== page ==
A British flag flutters in the wind against a grey sky. It is weary, but resilient, and in the face of everything, it is still flying. This image appears towards the end of both the last two James Bond films, Skyfall and Spectre. Of course, the Bond franchise has always been suffused with British patriotism. But in their latest incarnation, the films have come to embody a more specific strain of British pride. The spirit on display in the two Sam Mendes-directed instalments is defiant, independent, and conservative to the point of being reactionary. In the wake of Spectre, it is worth reflecting once again on the political agenda that is being subtly and not-so-subtly promoted by these movies.
It will be generally conceded that the central theme of Skyfall was the place of a man like James Bond in the modern world. Bond is a man of the past: he represents a code of values, a manner of personal conduct, and a version of masculinity that all belong to the middle decades of the 20th century. So the film shows him being rejected by the world he now lives in, as government bureaucrats – depicted as a typically petty-minded bunch – demand that his place in the intelligence services be justified. In this contest, we are expected to land firmly on the side of Bond and Judi Dench’s “M,” insisting that men like Bond are still valuable. But the battle lines extend far beyond the literal question of whether we still need field agents in an age of digital intelligence. The true question at stake is whether Bond’s defiance of authority, casual willingness to exploit women for sex, and careless disregard of moral responsibility are still an appropriate model for male behaviour. Skyfall’s answer to this question is pretty clear. And it’s not a good one.
“Back in time,” says Bond, when M asks him where he’s taking her before the final confrontation. For the past, he believes, is the place where they have the advantage. They are facing down a quintessentially modern enemy of the conservative establishment: the peroxide-blonde computer mastermind who undermines Western governments by hacking into their systems and exposing their secrets to the world. (Yes, Silva is a Julian Assange figure.) The only way for Bond to defeat the villain, the film tells us, is to make his stand in the territory of rugged individualism and enduring national heritage that the Scottish family estate so clearly represents. The symbolism in all this does not need much illuminating. The original Daniel Craig reboot, Casino Royale, accepted Bond’s flaws as genuine flaws, and showed him working to accommodate himself to a newer, healthier paradigm. It’s no coincidence that Casino Royale gave us perhaps the most complex, most interesting female character in the history of the franchise. Skyfall, by contrast, is a film with a chip on its shoulder. It wants us to accept that Bond’s delinquent attitude and emotional stuntedness are actually qualities to admire. It resents the fact that the world needs him to change.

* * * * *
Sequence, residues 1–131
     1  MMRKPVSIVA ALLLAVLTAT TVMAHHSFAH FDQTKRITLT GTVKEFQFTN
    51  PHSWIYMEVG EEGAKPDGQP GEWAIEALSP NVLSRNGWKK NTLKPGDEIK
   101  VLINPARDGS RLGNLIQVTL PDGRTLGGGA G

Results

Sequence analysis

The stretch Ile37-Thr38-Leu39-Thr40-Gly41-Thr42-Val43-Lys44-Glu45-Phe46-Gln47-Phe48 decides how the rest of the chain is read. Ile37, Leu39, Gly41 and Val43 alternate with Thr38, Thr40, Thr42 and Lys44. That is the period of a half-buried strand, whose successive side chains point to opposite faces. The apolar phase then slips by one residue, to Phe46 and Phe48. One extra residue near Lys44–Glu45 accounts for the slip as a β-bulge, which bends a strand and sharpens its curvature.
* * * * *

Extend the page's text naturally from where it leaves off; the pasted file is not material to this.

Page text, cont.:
So where does Spectre position itself within this ongoing argument? Essentially, the new film stays firmly inside the political territory defined by its predecessor, but with one major difference in tone: where Skyfall aggressively promoted its reactionary politics, Spectre just takes them for granted. The same conservatism is on display, but there’s a weird kind of innocence about it. This has a lot to do with the film’s broader shift in approach: of the four Daniel Craig Bond films, Spectre is the closest in tone and spirit to classic, 20th-century Bond. It is funnier, more relaxed, and less introspective than Casino Royale or Skyfall. Correspondingly, therefore, it takes its politics much less seriously.
So the 007 division is once again under threat from modernising government agents, but this time the contest feels repetitive and almost perfunctory. There is a fair bit of talk about the need for Britain to retain its independence from a trans-national authority: we are introduced to “C,” a bureaucrat who wants to merge British intelligence with a new international surveillance initiative called the Nine Eyes Committee. As Ralph Fiennes’s new M reminds us, this body is unelected and unaccountable. A definite hint of Euroscepticism hangs around the proceedings. But the film’s heart isn’t really in it: Ralph Fiennes’s pithy pronouncements on democracy seem timid after Judi Dench’s impassioned, fiery polemic in Skyfall. Meanwhile the movie revels in female sexuality – and in its hero’s coercive approach to seduction – more openly and more cheerfully than any Bond film for a long time.
At the end of the day, Spectre just wants to have fun. Skyfall is the rebellious teenager being deliberately provocative. Spectre is its younger brother, enjoying the same thrills that its older sibling has shown it, but not particularly caring if they are dangerous or controversial. In a way this makes it less problematic: it’s full of the same right-wing messages, but at least it doesn’t go out of its way to push them onto its audience. Nevertheless, one is still left wishing for a return to the spirit of Casino Royale, and for another genuine attempt to remake James Bond into the better, healthier hero that he has the potential to become.
This article originally appeared in The Oxford Student on 30 October 2015.